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    Spinach Recall Scares Consumers

    Grocers and convenience stores wait to see impact of veggie's contamination.

    NEW YORK -- Grocery retailers are not likely to be harmed by the current spinach recall that is due to an outbreak of E. coli, industry experts believe. However, consumers of spinach or other fresh produce might be wary of purchasing other bagged products, CNNMoney.com reported.

    "I think that grocers will not be hugely impacted," Bruce Axtman, president of the Perishables Group, told the Web site.

    Grocery and convenience channels sold nearly $325 million in bulk and packaged spinach last year, totaling less than 1 percent of the total retail produce sales, the Perishables Group noted.

    "I think that spinach is going to suffer for some time, whether it's sold in a bag, a bunch, or loose," Bill Nardelli, president of the distributor Nardelli Brothers Inc., told The Associated Press. "We're concerned that people are going to shy away from a lot of the bagged products."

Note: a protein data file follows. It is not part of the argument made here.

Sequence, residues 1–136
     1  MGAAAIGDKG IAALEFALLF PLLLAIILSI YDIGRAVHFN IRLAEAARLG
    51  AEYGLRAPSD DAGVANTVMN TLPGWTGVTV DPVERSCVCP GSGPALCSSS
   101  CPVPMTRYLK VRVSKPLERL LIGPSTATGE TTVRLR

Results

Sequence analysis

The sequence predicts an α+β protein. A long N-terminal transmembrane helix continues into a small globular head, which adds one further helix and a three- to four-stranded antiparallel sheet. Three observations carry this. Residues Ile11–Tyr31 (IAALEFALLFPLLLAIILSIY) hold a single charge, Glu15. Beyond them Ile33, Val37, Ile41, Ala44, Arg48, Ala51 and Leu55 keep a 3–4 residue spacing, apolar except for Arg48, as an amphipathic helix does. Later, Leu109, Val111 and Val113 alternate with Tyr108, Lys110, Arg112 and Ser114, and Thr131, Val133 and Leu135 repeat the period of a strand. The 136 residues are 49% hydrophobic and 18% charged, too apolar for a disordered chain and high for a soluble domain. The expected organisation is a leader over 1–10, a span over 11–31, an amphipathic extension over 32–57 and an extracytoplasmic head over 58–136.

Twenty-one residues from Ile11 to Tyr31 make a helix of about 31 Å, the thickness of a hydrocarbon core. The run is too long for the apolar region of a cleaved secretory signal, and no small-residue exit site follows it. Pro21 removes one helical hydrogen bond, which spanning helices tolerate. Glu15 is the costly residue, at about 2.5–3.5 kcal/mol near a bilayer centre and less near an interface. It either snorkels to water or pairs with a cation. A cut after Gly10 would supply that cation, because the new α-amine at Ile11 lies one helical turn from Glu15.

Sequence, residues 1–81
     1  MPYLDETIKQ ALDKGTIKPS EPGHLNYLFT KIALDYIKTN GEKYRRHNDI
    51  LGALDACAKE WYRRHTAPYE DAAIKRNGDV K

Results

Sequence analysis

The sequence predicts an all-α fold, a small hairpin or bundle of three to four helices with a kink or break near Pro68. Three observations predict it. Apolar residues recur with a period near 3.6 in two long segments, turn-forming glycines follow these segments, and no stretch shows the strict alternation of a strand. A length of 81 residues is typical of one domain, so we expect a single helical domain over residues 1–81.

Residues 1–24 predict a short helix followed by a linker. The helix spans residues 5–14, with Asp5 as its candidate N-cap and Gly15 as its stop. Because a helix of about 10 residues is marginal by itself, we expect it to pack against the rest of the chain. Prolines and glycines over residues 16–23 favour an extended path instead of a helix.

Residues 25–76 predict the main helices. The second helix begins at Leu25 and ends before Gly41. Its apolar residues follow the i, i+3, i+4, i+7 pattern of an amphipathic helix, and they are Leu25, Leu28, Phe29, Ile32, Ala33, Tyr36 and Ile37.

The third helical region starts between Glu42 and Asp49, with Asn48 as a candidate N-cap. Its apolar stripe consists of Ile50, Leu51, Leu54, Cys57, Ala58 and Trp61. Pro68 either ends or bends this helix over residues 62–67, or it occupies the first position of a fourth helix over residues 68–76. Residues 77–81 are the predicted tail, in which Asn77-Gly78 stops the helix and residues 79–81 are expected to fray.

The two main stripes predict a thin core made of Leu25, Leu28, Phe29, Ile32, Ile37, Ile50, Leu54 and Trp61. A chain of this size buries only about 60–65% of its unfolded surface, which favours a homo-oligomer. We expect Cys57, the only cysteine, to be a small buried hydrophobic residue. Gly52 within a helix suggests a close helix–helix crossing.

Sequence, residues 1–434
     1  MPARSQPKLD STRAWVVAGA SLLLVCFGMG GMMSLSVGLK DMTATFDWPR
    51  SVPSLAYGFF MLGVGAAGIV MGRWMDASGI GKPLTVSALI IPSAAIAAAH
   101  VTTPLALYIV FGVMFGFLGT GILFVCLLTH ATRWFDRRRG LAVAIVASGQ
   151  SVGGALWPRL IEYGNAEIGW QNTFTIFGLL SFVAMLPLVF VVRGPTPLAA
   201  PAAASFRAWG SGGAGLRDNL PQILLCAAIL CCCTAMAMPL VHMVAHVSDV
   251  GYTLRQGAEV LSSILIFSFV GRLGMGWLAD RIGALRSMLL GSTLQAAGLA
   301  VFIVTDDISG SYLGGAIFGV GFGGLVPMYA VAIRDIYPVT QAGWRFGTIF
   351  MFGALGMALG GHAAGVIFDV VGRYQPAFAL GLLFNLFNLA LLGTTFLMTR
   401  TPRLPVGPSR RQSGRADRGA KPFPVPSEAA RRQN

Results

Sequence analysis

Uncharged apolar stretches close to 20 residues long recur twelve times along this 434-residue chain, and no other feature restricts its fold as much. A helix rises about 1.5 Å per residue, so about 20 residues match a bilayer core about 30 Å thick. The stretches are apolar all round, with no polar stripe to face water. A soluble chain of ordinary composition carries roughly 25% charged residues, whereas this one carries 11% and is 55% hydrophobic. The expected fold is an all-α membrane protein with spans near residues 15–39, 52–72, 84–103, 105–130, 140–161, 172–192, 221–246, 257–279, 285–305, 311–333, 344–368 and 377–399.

In New Jersey, spinach is no where to be found, bagged or otherwise. At the advice of the New Jersey Restaurant Association, spinach -- including frozen -- has been pulled from menus, the AP reported.

    The Food and Drug Administration (FDA) issued a warning on Friday about the E. coli outbreak and its link to bagged spinach. Since then, the FDA has told consumers not to eat any fresh spinach until the source of the outbreak is found. That day, the outbreak was linked to packages from the California-based Natural Selection Foods. The company has issued a recall for all spinach products with "best if used by" dates of Aug. 17 through Oct. 1.

    The source of the outbreak has yet to be found, however, Dr. Robert Brackett of the FDA told CNN.

    The FDA has already received 111 reports of E. coli and one death throughout 21 states from consumers who have eaten bagged spinach.

    The scope of the contamination and its affects have yet to be seen. "It's way too early to tell," Tim Chellig, spokesman for the Western Growers Association, told CNNMoney.com. "It depends entirely on where this thing goes in the next couple of weeks."

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